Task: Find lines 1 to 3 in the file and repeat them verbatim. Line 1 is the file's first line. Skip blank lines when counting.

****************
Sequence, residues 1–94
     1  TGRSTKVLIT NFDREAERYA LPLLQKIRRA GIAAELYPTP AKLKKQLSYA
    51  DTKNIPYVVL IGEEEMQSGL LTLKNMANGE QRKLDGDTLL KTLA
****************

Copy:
Sequence, residues 1–94
     1  TGRSTKVLIT NFDREAERYA LPLLQKIRRA GIAAELYPTP AKLKKQLSYA
    51  DTKNIPYVVL IGEEEMQSGL LTLKNMANGE QRKLDGDTLL KTLA